As discussed earlier, there is a substantial body of research on the aesthetic appeal of landscapes. In a similar vein to (Swetnam & Tweed, 2018) this version of the VQI required to record measures of personal landscape appeal as well as ephemeral landscape aspects for example, noticeable smells, sounds and weather conditions (Table 1). Whilst all respondents were required to complete this, it was kept separate from the overall score of the VQI to maximise the VQIs objectivity. Whilst perceptual processes are an integral aspect of landscapes (Daniel, 2001); the inclusion of a preference survey separate to the VQI meant the relatively objective VQI score could be compared against subjective and emotional responses to the landscapes. This would enable it to be determined whether landscapes that were afforded a high visual quality score were also deemed to be more attractive (Ode et al., 2008; Ode et al., 2009).
3. Epping Forest case study
3.1 Using the VQI to promote enquiry
An adapted version of Swetnam et al.’s (2017) Welsh Visual Quality Index (VQI) was used with 250 A Level Geography students completed the VQI over a period of 2 months at FSC Epping Forest, in May and June 2018. All students had limited to no prior experience of the landscapes of Epping Forest, therefore the VQI was used as an introduction to the landscape components that could be found there. Three locations within Epping Forest were visited by participants, the Pillow Mounds, Rushy Plain and Paul’s Nursery. These were chosen as they represent two of the predominant landscapes within Epping Forest, open view grassland plains and closed view woodland. It is important to note that these three sites are not representative of the entirety of Epping Forest, with significant cultural features such as Loughton Camp and Queen Elizabeth’s Hunting Lodge; and significant blue-space features including Connaught Water.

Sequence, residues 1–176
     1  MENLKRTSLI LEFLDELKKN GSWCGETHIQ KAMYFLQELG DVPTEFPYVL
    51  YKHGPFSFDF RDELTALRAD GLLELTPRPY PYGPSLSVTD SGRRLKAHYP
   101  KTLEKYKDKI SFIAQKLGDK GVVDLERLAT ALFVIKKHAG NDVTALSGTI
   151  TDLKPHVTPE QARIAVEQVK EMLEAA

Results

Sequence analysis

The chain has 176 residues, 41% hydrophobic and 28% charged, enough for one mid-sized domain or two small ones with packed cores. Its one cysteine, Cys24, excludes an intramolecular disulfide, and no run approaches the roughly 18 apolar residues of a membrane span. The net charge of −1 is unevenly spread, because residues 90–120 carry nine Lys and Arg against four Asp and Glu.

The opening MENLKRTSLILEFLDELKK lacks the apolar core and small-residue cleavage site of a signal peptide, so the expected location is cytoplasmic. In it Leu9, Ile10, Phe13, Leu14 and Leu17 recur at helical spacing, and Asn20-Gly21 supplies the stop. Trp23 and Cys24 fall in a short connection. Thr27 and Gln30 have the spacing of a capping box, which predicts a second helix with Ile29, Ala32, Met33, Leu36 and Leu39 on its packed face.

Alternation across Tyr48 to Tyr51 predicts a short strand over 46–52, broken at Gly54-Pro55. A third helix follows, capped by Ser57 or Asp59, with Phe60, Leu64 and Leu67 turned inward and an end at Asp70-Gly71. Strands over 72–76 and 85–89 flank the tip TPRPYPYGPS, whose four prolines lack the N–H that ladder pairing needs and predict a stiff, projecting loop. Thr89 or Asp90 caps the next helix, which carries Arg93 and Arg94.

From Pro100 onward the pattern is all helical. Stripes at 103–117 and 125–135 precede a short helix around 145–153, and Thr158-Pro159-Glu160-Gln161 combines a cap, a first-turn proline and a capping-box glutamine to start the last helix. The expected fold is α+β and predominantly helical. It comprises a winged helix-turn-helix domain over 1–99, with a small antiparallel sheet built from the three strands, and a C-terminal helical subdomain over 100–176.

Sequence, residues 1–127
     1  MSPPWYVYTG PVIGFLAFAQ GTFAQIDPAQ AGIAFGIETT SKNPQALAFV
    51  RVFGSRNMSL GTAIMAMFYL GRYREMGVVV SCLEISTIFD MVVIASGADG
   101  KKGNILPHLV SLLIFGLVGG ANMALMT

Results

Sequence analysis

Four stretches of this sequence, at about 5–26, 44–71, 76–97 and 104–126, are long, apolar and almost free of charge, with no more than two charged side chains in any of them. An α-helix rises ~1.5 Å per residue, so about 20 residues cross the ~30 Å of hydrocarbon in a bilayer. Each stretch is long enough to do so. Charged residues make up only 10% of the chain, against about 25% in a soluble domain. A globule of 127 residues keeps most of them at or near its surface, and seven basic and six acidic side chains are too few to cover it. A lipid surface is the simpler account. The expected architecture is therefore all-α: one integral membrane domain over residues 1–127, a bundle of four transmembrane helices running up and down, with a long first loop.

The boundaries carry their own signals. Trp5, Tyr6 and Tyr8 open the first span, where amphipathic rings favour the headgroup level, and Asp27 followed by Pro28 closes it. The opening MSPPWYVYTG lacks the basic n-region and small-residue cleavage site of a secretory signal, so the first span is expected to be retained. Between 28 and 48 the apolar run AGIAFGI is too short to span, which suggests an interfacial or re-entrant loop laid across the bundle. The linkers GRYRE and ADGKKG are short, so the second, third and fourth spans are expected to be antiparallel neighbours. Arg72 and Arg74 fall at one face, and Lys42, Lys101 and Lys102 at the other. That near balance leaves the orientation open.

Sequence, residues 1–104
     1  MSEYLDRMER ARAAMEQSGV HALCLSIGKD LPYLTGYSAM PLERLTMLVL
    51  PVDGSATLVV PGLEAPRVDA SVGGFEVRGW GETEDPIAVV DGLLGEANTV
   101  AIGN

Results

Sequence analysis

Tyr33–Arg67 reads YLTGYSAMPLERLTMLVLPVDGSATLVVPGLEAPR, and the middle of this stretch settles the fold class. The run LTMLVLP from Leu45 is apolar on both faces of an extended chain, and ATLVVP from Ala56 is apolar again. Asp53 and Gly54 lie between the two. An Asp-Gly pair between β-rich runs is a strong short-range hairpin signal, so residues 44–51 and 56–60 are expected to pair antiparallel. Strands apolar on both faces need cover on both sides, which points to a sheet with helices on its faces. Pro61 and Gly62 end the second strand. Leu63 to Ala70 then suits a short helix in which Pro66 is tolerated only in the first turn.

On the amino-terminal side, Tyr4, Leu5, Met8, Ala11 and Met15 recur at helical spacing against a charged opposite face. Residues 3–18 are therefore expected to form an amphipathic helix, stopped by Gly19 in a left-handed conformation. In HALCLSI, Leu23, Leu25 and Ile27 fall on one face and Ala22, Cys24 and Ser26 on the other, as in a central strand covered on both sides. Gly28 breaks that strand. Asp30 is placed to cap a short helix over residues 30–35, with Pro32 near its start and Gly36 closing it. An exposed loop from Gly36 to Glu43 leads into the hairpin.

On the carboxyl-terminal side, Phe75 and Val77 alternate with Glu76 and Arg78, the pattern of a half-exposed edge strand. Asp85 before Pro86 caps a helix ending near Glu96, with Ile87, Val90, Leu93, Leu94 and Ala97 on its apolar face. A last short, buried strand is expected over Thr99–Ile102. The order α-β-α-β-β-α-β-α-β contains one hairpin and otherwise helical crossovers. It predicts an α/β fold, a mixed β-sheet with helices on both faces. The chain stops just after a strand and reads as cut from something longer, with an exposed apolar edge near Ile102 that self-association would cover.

Prior to completing the VQI, students were asked what they could investigate in Epping Forest for their NEA. Responses included ‘carbon’ ‘the water cycle’ and other rather vague investigation titles. All respondents then completed the VQI using ESRI Survey123 software using the five landscape components: physical environment, blue-space, green-space, built environment and the cultural landscape, to ‘measure’ the visual quality of a landscape (Swetnam et al., 2017; Swetnam & Tweed, 2018). From this, it was possible to view in real time the characteristics of the landscapes being recognised by students. Table 2 illustrates that these landscapes were being viewed to display similar characteristics, with the most important components of the chosen landscapes being greenspace and built categories (Table 2). By contrast the least important categories were cultural and blue-space (Table 2). From this, FSC tutors were able to lead discussions as to what investigations would be suitable in this location. Responses included ‘interception in the drainage basin by different tree cover’; ‘carbon sequestration of different tree species’; ‘affect of slope on surface runoff in the hydrological cycle’. Whilst by no means official titles, it is clear that the VQI has stimulated students in looking closer at the landscape around them with an enquiry focussed eye.
3.2 Using the VQI to understand place perceptions